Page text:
Saturday, October 20, 2012

Theatre review: "The Producers" from Point Park U's Conservatory Theatre Company-Sunday, 21st October, 2012

You might ask yourself “Self? Who came up with the musical version of Hamlet called Funny Boy? Who struck gold, titillating the public by re-working Oliver Goldsmith into She Shtupps to Conquer? Who found the road to success aboard A Streetcar Named Murray ?” Answer: Max Bialystock who claims, early in the riotous musical The Producers, that his is one of the biggest names on Broadway: 13 letters.

You see where this is heading, right? Head on over to Pittsburgh Playhouse and hold onto your seat, a hit up there onstage is socking it to ‘em. Get this: no one in the cast had even been tickling their parents featherbeds when this thing was conceived as a 1968 movie; university students have all the roles. Point Park University Conservatory Theatre students. They serve it up in spades. Dig it, thanks to Susan Stroman’s 2001 directorial concepts and choreography re-created, enriched and enhanced by Tomè Cousin.

You know, no doubt, that the musical collected a bunch of Tony Awards and packed Broadway houses for years. And you know too, that, writing this, Mel Brooks packed this package with off-the-wall, sometimes outrageous gags. 

So nu? No, it’s not new. A road company starring Lewis J. Stadlen hit Pittsburgh’s funny bone in 2005 and Pittsburgh CLO had a romp with it a year ago. Why see this one? I’d say because it’s fresh, alive and kicking doing justice to all the good things in it.

The cast plays, dances and sings everything with professional quality and class. The sets and costumes look great. The 12-member orchestra led by Douglas Levine swings and sways to perfection.

FYI: Max teams up with previously shy accountant Leo Bloom to produce the world’s worst show so that, when it quickly tanks, they can keep all the investments. They discover Franz Liebkind' s dictator-love-fest Springtime for Hitler, (“There was a painter! He could paint an entire apartment in one afternoon! Two coats!”) And they hire cross-dressing, disaster-prone director Roger DeBris, who gets to wear Hitler-like boots and belts. But the best laid-men’s plan falls on its tush.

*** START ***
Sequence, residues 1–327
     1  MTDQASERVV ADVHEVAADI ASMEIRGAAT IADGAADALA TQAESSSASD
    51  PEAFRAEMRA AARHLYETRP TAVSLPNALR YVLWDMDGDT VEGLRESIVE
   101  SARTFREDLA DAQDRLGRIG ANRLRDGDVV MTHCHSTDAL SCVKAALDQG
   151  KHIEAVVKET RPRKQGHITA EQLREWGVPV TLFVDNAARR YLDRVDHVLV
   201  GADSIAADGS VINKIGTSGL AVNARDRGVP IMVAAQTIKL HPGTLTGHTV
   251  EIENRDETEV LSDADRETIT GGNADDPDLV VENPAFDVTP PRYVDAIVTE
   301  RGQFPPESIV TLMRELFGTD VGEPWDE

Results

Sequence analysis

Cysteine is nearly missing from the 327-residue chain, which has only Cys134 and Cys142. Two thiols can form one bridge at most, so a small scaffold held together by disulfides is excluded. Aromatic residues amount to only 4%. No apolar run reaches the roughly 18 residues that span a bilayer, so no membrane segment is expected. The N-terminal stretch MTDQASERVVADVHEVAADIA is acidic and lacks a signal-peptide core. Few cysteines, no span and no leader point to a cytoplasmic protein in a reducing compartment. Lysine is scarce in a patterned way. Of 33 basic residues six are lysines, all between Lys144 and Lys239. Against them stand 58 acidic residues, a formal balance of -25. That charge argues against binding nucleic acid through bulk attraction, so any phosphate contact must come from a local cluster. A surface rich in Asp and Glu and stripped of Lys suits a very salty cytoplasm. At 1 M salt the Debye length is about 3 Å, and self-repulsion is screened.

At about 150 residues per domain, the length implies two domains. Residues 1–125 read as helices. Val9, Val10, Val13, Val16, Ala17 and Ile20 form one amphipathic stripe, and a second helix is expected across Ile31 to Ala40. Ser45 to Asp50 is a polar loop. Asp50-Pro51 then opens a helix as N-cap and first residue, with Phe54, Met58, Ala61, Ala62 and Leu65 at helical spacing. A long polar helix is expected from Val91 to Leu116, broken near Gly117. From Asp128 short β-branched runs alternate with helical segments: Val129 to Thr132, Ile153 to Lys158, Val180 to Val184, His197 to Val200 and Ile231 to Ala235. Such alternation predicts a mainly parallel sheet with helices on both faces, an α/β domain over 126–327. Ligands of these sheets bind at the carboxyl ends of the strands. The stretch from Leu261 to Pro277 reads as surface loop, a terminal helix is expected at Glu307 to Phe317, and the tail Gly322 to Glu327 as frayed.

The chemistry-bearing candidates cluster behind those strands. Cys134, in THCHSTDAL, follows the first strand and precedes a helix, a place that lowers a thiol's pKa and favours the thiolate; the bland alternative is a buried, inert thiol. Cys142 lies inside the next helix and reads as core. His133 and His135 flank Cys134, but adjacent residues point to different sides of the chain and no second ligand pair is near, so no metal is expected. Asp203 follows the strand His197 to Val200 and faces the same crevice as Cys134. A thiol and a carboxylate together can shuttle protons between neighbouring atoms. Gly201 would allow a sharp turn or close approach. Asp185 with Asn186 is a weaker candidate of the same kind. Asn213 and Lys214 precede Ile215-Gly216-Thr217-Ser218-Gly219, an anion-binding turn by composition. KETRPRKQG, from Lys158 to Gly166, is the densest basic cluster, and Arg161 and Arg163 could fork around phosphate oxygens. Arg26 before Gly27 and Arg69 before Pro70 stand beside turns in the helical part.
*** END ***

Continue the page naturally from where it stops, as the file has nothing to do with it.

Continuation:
Tom Driscoll’s take on Max comes full of style, stomping, flopping, swaggering. Playing Leo, Carter Ellis’ quivering, shivering charm will win you over. Jordan Ross Weinhold superbly channels a Paul Lynde-like version of Roger DeBris, shimmering in his gowns, and, as Hitler, sashaying in his swastikas. Then there’s Carmen Ghia, named for a sleek Italian body powered by German know-how. Brandon Taylor’s takes the prize as that flaming flamingo whose every bone seems made of spandex.

The cast taps superbly, and it’s got rhythm, punctuating the score with adding machines and old lady walkers.

So what if Brooks’ music sounds generic and the second act looks too padded? It doesn’t matter in the long run. Too bad this has such a short run. These students, still learning their craft in class, have the class to make this production a hoot full of style. Cousin got them there and they make the best of it.

The Producers keeps rolling them in the aisles through Sunday, October 28th at Pittsburgh Playhouse, 222 Craft Avenue, Oakland. 412-392-8000 or


  1. I agree with your take on this show, Gordon, except for your amazingly glaring omission of one actor's performance. Mandie Russak's Ulla. Or as Bialistock would say "Oooh wah weee wah wah wow wowie...Ulla!" She was, as any Ulla should, MUST be, a seen stealer. She really knows how to stroot her stoof.

    Other than that, great work and thank you for tirelessly seeing and reviewing these shows and reminding the readers of the quality Pittsburgh has coming out of CMU and Point Park with regularity.

  2. Yikes...I meant "scene stealer" not "seen stealer." Where is autocorrect when you need it!?